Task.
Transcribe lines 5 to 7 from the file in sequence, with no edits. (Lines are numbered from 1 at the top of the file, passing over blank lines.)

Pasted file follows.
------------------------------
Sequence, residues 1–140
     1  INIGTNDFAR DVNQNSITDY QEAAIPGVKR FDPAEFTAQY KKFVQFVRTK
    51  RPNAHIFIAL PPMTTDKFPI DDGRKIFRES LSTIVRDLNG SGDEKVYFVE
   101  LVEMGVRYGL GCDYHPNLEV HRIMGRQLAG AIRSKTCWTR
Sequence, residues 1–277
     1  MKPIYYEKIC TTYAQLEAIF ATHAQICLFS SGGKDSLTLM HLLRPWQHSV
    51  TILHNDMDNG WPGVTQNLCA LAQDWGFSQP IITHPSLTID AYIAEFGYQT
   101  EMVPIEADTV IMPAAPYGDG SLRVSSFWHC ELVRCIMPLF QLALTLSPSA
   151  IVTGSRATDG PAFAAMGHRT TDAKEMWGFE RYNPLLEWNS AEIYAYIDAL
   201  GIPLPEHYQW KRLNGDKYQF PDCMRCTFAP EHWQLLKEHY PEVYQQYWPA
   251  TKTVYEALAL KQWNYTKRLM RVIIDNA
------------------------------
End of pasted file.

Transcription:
Sequence, residues 1–277
     1  MKPIYYEKIC TTYAQLEAIF ATHAQICLFS SGGKDSLTLM HLLRPWQHSV
    51  TILHNDMDNG WPGVTQNLCA LAQDWGFSQP IITHPSLTID AYIAEFGYQT